An A&M pressing of the Sex Pistols’ second single “God Save the Queen,” one of the rarest mass-produced records in the world, sold for nearly $15,000 in November, according to the Discogs.com music database. Just nine copies of the record are known to exist.

The Pistols were at the center of a firestorm of punk-rock controversy in England in 1977, and signed with A&M shortly after being dropped by EMI, which had released their first single, “Anarchy in the U.K.,” in November 1976. EMI parted ways with them in January 1977 after bandmembers cursed on national television (which was far more controversial then than it is today). The group signed with A&M and aimed to release “God Save the Queen” just weeks before the Silver Jubilee, which commemorated the 25th anniversary of Queen Elizabeth’s accession to the throne. They were dropped just days later, purportedly at the insistence of label founder Herb Alpert. The group went on to sign with Richard Branson’s Virgin Records, which had no such qualms and saw their release of the song, which famously featured a picture of the Queen with a safety pin through her face, rise to No. 2 on the British charts, despite being banned by the BBC (or, more likely, partially because of it).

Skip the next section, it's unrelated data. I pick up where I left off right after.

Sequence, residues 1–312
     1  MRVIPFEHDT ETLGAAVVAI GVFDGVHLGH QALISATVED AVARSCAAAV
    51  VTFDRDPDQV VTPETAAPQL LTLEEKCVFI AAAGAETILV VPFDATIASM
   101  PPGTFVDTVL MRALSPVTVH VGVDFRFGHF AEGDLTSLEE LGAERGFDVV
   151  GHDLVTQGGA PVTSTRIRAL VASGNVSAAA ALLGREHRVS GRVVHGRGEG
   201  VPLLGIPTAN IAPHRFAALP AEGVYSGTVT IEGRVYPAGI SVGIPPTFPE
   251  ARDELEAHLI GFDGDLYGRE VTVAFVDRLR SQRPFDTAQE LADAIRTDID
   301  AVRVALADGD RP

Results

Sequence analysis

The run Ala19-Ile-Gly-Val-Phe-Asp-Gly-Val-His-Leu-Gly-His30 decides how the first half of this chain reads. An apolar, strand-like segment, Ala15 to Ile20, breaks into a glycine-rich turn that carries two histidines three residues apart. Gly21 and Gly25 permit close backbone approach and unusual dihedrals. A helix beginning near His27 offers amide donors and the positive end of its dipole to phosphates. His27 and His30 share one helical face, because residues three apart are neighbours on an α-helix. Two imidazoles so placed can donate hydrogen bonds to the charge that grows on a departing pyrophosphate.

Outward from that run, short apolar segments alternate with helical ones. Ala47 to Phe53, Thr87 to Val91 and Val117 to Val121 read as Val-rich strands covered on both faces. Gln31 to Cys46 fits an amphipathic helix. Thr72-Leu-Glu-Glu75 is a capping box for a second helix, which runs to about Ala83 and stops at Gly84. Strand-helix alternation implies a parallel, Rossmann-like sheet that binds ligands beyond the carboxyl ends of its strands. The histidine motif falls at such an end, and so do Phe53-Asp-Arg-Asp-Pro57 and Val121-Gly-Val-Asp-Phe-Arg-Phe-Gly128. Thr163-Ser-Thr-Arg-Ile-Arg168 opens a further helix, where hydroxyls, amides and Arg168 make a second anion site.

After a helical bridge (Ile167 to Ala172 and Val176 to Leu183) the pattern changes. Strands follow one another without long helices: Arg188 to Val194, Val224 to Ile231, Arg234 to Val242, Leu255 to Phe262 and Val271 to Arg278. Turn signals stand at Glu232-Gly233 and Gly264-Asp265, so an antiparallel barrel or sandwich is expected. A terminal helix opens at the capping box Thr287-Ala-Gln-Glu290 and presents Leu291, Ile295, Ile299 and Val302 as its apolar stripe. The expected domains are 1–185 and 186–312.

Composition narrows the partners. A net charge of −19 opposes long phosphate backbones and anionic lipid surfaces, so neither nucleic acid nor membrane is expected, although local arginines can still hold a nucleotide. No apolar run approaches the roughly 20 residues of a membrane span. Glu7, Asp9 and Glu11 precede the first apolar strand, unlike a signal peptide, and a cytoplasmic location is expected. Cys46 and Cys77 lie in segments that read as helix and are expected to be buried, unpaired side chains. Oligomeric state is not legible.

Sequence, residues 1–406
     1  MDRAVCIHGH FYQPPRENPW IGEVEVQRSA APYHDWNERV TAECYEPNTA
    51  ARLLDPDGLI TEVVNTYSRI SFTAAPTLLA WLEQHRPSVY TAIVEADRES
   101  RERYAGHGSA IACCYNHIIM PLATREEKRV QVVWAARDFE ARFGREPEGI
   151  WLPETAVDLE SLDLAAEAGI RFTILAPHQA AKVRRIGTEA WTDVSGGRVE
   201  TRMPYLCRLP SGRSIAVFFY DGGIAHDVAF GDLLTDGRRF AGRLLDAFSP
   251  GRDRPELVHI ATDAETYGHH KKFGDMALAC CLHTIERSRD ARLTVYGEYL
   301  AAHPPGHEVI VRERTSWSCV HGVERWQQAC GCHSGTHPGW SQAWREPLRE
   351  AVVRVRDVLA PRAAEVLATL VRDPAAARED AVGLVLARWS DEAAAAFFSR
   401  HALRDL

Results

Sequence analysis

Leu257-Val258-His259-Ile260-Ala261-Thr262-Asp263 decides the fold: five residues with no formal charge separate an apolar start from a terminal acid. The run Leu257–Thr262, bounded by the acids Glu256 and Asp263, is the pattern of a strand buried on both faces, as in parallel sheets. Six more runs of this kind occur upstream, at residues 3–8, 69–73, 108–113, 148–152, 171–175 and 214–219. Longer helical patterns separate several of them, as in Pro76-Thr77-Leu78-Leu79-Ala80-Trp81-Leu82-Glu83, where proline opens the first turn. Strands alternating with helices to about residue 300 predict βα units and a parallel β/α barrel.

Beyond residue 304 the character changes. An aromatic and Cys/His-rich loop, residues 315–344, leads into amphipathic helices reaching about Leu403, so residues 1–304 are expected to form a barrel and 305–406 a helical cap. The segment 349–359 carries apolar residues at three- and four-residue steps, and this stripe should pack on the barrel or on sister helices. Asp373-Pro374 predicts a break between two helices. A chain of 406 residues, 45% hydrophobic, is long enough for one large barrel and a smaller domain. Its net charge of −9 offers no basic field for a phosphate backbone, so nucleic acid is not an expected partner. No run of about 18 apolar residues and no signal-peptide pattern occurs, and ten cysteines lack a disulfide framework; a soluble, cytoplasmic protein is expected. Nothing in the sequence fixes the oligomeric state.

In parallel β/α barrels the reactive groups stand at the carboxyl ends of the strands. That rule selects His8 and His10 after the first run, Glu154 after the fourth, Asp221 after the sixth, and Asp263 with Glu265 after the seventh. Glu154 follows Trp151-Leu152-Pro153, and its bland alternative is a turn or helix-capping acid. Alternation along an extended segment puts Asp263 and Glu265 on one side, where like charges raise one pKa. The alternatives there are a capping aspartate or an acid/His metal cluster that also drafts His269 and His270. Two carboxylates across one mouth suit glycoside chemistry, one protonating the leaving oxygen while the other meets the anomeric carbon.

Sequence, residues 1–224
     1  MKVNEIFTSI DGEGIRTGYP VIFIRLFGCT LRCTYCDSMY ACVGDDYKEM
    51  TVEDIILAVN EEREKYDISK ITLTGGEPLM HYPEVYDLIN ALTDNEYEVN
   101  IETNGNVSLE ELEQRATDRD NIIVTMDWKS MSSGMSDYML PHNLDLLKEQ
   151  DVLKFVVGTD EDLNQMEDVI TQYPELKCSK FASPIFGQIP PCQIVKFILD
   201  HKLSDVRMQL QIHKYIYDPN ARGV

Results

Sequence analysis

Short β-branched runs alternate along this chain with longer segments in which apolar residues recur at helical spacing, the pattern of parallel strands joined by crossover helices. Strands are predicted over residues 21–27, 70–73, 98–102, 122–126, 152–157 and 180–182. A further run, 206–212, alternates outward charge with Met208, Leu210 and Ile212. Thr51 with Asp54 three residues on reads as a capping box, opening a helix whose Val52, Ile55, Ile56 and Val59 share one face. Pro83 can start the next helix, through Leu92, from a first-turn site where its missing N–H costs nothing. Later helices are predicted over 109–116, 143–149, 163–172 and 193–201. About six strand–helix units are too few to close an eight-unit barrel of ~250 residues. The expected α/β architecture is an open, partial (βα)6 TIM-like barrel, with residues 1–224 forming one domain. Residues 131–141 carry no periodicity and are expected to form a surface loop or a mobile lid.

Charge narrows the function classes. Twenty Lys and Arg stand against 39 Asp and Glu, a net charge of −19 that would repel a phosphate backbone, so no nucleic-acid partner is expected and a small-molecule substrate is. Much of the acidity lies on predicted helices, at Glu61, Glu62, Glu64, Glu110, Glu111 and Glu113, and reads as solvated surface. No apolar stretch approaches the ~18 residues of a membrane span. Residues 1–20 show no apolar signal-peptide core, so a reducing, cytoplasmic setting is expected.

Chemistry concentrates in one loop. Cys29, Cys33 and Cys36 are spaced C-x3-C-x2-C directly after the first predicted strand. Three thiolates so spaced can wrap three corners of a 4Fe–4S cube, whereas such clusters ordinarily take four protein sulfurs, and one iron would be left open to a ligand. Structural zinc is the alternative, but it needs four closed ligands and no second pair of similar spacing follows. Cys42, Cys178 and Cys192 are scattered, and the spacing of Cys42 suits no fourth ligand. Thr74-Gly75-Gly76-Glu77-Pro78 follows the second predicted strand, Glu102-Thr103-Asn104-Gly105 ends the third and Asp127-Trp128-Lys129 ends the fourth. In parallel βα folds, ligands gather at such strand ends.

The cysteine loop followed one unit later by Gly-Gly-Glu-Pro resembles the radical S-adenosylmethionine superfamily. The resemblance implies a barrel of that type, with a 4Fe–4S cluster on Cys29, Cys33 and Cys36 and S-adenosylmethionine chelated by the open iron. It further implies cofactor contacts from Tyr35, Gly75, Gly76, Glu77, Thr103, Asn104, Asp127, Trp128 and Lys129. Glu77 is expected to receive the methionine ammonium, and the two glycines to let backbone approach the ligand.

While a reported 25,000 copies of “God Save the Queen” had been pressed, nearly all were destroyed, but a handful had already been mailed to members of the media. One of those nine copies belongs to Atlantic Records co-chairman Craig Kallman, who owns upwards of 750,000 records.

Two copies of another record that was withdrawn before its official release, the 1987 pressing of Prince’s “Black Album,” each sold for $20,000 on the RecordMecca site late last year.